The kid was stoned and the kid was cold. He wasn't having fun.
As he shivered behind shrubbery outside City Hall, a look of relief crossed his face when he saw the POWER Teen Center outreach team come around the corner.
It was a Friday night in early February. The kid, lightly dressed, was one of five youths passing a joint in one of many nooks and crannies in downtown Anchorage where street kids hide just out of plain sight.
"I'm freezing, yo," he said. "You got any gloves tonight? Any hats?"
One of the outreach workers reached in a backpack and gave him both, then handed out granola bars, packs of nuts and bottled water.
POWER stands for Peer Outreach Worker Education and Referral. The program operates a drop-in center for homeless and other at-risk youths and employs teenage outreach workers, most of whom are formerly homeless and abuse survivors.
Four nights a week, the outreach workers hit the pavement in two-person teams. They hand out warm clothing, hygiene items, and food and water. They distribute information about social agencies that serve "at-risk" youths.
That includes POWER, which operates from a space on the second floor of the Downtown Transit Center on Sixth Avenue. Open from 1 to 5 p.m. Tuesday through Friday, the drop-in center has a food pantry and computers for updating Facebook pages, searching for a job or doing homework. Three days a week a nurse is on site. A University of Alaska graduate student provides psychological counseling.
Alaska Youth Advocates, the nonprofit agency that runs the program, has a housing specialist on staff who helps youths access transitional living programs or find affordable apartments.
The core of the program, though, is peer-to-peer interactions between the youths on staff and the kids who come through the door.
"Our guiding philosophy is 'by teens, for teens,' because youths will confide in other youths in ways they often will not confide in adults," said Alaska Youth Advocates Executive Director Heather Harris. "A lot of our clients have little or no family support, so making peer support available to them is essential to helping them lead a healthier life."
The center has a lounge area with couches, a television and a video game system where teenage staffers hang out and build rapport with clients.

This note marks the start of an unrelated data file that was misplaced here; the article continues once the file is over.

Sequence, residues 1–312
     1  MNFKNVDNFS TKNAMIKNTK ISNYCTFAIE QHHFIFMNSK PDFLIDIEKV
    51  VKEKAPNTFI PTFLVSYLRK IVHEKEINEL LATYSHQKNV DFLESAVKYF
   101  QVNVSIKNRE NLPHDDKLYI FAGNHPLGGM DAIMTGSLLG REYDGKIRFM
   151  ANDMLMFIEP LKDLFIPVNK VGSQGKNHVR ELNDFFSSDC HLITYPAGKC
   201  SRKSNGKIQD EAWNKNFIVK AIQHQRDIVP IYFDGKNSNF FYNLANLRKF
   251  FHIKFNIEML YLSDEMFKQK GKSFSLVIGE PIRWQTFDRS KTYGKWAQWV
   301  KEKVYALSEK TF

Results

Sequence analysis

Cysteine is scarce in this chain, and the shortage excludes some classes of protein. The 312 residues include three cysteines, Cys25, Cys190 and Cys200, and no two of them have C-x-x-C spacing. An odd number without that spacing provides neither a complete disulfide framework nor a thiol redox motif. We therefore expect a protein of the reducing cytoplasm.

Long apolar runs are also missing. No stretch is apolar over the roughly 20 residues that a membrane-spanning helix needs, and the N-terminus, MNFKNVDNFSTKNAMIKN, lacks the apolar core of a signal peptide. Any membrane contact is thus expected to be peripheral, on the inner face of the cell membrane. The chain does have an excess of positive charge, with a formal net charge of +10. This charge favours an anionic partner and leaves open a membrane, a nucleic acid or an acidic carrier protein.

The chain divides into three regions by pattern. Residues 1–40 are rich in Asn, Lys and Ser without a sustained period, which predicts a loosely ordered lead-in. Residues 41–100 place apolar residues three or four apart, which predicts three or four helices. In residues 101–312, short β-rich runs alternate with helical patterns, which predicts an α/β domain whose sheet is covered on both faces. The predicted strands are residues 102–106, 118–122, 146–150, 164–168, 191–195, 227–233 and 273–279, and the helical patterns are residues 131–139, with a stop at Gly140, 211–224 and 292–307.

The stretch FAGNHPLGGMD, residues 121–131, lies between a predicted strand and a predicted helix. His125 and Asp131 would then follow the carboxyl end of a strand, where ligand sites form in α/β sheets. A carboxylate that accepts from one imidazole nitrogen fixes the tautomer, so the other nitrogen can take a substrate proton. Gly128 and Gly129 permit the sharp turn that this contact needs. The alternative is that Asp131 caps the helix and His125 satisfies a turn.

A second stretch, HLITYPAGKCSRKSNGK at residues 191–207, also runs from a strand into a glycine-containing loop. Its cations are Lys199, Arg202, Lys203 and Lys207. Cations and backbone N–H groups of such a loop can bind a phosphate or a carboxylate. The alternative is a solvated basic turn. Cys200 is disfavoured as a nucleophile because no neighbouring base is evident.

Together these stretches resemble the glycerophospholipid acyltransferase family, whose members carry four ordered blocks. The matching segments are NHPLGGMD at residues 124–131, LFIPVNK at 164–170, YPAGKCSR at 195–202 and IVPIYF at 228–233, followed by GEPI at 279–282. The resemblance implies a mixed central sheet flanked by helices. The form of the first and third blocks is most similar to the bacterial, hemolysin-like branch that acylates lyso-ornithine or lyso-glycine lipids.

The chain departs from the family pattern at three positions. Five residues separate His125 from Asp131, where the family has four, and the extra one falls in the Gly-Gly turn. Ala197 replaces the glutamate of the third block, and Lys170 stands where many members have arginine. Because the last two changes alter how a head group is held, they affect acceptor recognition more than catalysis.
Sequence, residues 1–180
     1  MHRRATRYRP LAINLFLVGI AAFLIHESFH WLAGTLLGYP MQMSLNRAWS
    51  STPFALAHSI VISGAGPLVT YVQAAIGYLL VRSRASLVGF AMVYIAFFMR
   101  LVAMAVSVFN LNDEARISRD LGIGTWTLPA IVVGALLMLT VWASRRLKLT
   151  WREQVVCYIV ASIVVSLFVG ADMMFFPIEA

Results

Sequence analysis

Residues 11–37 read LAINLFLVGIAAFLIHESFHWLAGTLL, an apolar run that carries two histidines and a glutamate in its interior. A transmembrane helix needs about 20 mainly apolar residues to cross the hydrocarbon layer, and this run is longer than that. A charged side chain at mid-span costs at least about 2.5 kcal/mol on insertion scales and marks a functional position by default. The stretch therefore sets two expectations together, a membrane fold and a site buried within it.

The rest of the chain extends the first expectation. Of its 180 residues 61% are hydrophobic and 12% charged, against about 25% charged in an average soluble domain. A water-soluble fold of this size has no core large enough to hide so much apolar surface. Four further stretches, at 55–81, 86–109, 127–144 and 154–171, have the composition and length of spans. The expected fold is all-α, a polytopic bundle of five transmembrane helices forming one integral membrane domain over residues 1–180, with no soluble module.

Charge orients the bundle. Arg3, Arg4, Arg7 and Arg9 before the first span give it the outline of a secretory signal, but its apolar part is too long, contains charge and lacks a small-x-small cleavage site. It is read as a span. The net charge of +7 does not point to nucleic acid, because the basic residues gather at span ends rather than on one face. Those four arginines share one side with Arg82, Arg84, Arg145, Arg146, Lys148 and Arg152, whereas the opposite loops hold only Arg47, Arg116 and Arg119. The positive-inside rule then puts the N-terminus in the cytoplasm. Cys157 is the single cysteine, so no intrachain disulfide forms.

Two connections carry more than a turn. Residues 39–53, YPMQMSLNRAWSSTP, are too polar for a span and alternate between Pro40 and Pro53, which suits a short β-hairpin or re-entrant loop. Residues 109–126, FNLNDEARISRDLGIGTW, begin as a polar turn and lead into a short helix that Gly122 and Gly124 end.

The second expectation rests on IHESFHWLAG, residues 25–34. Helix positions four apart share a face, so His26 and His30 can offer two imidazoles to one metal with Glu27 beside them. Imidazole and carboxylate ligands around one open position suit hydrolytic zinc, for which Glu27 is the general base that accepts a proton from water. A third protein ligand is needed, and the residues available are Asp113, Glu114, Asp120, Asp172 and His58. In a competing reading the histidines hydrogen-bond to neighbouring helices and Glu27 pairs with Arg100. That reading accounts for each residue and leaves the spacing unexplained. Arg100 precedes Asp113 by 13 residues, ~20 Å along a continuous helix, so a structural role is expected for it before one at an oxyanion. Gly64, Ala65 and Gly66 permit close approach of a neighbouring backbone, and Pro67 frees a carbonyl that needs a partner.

"On the surface it might seems like a cushy job ... But in reality, if you're doing the job right, and you're non-prying and non-judgmental, people are going to start confiding some pretty heavy info. Like, 'I'm thinking about killing myself,' or 'I'm being pimped out,' " said POWER case manager Rebecca Shier, 22, a former client.
"In this job a situation can go from video games to really serious in a minute."
Between 15 and 35 youths spend time at the drop-in center every day it's open. About half are regulars. Almost 4,500 youths sought services at the center in the 2012 fiscal year.
Estimating the number of homeless youths in Anchorage is tricky, in large part because homeless kids tend to be intermittently homeless, rather than full-time homeless. They cycle in and out of emergency foster home placements. They couch surf. They pool money for cheap motel rooms. Some practice "survival sex," trading their bodies for shelter and food. They may not be sleeping on the streets but their living situations are hardly stable or safe.
Some hard numbers give an idea of how many street kids there are in Anchorage in addition to drop-in center visits.
Covenant House Alaska, which provides emergency shelter for youths in crisis, serves about 1,900 homeless teens a year, according to a 2010 study by the University of Alaska Anchorage and the Institute of Social and Economic Research.
A 2012 report by the Anchorage School District identified 3,800 homeless children in Anchorage but that includes grade-school-age kids as well as teenagers.
The UAA/ISER report makes clear the challenges that street kids in Anchorage face. Forty-six percent of Covenant House residents in 2010 had been sexually abused, the study found. Forty percent had been in a residential mental health treatment facility and a third had recently been in foster care.